“No need, I’ll be fine by myself,” I tell Laura. I’m not blind, I see where all the older teens go, and I don’t need anyone to babysit me. I turn back to go, when one thought crosses my mind, “Hm, Laura? So what family name has dad used when he registered me to school? His or my moms?”

“Louis Blackheart. It was in your papers.”

“Thanks,” I nod my head.

I try to meddle  into the crowd of teens, heading from the entry opposite the one where the younger kids go. I feel strange, remembering my first day at school in Hell and hating it. Half-demons are rare; I was only seven, but all the kids knew I was different, and I knew that they knew.

Now everybody glances at me, too. Some stares openly. This is a small town, a small school of the kind where everybody knows everybody. I spot a girl with intense pink hair, and feel a bit relieved. Maybe I won’t be a total weirdo.

I enter the school and look around. The secretary is the first door I see, and five minutes later I am at the corridor again, this time holding a schedule in my hands. In my backpack, there are notebooks, and I’ve been informed to get the school books from the library. So I look for the library, trying to appear to be confident in where I’m going.  

 When I finally arrive to my first lesson, I’m about ten minutes late and I consider not entering the classroom at all. But then I remember about the zoo – skipping classes probably is one of the things my dad regards as ‘trouble’, and I really, really want to see monkeys.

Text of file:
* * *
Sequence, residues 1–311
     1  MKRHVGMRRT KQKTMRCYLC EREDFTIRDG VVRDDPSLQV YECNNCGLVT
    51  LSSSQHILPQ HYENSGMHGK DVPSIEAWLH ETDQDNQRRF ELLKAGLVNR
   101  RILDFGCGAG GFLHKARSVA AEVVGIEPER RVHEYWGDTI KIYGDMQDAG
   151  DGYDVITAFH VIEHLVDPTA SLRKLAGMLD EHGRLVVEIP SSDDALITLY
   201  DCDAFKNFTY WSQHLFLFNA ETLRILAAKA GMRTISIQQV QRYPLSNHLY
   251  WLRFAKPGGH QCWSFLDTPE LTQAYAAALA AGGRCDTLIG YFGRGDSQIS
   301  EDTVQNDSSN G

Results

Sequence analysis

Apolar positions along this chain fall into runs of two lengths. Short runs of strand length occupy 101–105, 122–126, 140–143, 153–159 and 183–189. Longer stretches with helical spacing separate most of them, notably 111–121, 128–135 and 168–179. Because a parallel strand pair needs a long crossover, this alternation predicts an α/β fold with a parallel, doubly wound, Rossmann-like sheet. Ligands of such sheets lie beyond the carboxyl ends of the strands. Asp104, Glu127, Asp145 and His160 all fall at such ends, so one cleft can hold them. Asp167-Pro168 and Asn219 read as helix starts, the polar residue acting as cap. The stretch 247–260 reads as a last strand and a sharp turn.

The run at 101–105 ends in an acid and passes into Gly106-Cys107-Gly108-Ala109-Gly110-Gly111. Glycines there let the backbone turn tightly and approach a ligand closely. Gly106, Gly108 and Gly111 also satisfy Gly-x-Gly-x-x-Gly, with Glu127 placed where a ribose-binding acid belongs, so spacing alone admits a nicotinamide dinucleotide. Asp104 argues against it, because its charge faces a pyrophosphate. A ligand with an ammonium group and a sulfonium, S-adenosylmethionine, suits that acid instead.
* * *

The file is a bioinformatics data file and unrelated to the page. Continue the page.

When I enter, everybody sits by their desks. The lesson has already started. I stop at the doorstep. The stares everybody gives me is like an invisible wall that prevents me from getting any further.

“Oh, you must be Louis,” the teacher, a middle-aged woman with two chins smiles at me. “Got lost, did you?” she asks and adds, “I’m your class teacher. Come in, come in. Maybe a few words about yourself?”

“No, thanks,” I sink into the first free chair, realising my mistake only when I remember it’s in the first row. The class giggles, and a black-haired girl in glasses smiles at me from the neighbour seat.

“All right, dears, lets move on,” the teacher clasps her hands. “From now on, we’ll work at new projects. You’ll divide into groups and prepare a presentation about our town’s history. I want you to get engaged in this; don’t rely on the Internet, just walk around, look for legends, mysteries. The more interesting the better.”

Students start talking the very second she stops. I stare at the blackboard before me; I know how it’s going to be. Nobody will choose me, the teacher will just sign me into a random group, people will be awkward.

“You can work with us if you want to,” I hear.

I look up, quite surprised. It’s the girl – she gives me a smile, and her teeth are very white in comparison to her very black hair.

“My name’s Rachel,” she adds and then points at the students behind us. There’s a ginger haired, short girl with freckles, and a lanky boy with pierced ears, “These are Susan and Peter. Usually we work together.”

They both smile and nod their head. If they don’t want me in the group, they don’t show it. I glance at Rachel; she keeps her head high, she emanates with self-confidence. I sense she’s a leader here. Whatever she says, the two at the second desk will do.

“All right, I need an ‘A’,” she says. “We need something unique. Any ideas?”

“Let's go to the library and search in old papers,” Susan proposes, but Rachel shakes her head, “No, everyone is going to do that. We need a great story. Something more than can be read.”

“So let's go to the cemetery,” I say.

She gives me a bright smile. Little do I know that in no so distant future I will be so, so sorry that I didn’t bit my tongue.